It circles back to my first book, Design Basics, which continues to sell very, very well, 12 years after its publication. Wherever I turn, people come up to me and thank me for Design Basics. It’s still actively used, actively enjoyed, actively shared. We needed to follow that up with a book that is a similar travail, a similar price point and doing a similar concept but in large issue. So obviously, it reflects evolving tastes and evolving living standards, too. That’s really what the book does: It builds on that premise that we all benefit from good information. And if we know what we’re asking for, we’re going to like what we get when it arrives.
You mention evolution. Has your approach to writing evolved?
I found that in the last six years—especially since my [last] book, American Master, was published, which was three years ago—the way that we source information, and the way that we retrieve it and retain it, is completely different from before. Our minds are working much faster. The way that we started to build this book was as a printable Instagram. There are always things that I see on Instagram that I wish I could pull back up. We wanted to build a printed Instagram [with] great projects, wonderful, timeless works that have value built into them, and then help people understand why they are drawn to these rooms.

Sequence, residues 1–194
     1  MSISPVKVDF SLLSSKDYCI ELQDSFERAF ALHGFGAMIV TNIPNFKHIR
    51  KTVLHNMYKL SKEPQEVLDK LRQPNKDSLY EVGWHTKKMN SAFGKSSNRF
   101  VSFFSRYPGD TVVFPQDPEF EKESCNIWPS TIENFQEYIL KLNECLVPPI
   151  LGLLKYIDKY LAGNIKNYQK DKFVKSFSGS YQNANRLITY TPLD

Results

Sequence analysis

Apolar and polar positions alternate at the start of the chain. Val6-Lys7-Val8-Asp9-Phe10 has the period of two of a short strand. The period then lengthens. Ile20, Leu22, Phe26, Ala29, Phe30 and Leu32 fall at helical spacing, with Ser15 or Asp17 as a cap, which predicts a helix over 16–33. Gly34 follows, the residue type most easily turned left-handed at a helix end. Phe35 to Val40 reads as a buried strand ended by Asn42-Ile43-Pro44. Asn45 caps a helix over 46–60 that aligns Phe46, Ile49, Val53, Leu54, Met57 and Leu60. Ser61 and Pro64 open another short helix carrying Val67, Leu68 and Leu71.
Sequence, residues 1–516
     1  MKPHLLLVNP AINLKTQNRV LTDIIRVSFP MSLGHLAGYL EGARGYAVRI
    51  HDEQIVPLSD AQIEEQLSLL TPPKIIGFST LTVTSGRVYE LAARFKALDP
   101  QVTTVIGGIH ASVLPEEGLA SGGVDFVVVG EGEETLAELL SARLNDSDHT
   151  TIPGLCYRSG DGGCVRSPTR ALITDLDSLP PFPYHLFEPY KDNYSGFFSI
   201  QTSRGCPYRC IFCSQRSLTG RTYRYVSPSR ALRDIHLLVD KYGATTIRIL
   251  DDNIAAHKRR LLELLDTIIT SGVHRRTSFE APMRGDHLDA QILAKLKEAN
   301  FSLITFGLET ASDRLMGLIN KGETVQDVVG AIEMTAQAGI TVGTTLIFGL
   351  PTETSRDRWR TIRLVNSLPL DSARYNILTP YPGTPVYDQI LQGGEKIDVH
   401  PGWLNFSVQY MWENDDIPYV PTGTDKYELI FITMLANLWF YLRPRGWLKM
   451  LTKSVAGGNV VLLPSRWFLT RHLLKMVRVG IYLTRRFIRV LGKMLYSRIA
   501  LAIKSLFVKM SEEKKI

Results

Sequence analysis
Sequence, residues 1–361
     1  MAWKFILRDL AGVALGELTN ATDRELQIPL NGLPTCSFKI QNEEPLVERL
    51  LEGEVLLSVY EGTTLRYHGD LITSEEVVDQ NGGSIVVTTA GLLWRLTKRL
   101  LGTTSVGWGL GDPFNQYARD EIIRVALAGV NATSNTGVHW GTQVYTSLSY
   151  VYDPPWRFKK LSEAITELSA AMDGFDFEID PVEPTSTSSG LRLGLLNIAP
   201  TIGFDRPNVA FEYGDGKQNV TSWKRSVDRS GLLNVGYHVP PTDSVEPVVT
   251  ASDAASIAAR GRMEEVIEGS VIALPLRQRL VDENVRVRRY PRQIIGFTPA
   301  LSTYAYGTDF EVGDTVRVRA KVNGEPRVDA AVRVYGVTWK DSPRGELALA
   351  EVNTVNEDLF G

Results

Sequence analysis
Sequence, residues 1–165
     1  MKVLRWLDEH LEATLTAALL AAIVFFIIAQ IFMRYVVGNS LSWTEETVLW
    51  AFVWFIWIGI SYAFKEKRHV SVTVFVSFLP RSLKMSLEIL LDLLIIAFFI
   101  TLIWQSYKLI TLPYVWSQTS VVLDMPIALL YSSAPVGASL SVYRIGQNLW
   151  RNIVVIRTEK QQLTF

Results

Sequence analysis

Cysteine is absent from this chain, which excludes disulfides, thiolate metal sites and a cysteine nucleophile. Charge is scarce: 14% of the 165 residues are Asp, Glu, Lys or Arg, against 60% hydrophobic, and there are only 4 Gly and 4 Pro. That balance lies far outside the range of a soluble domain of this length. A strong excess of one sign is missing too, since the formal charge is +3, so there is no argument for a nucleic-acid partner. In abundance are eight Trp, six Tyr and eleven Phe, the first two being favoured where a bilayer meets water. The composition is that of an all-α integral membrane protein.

Your designs have a distinctly American feel. How do you incorporate that with European and other influences?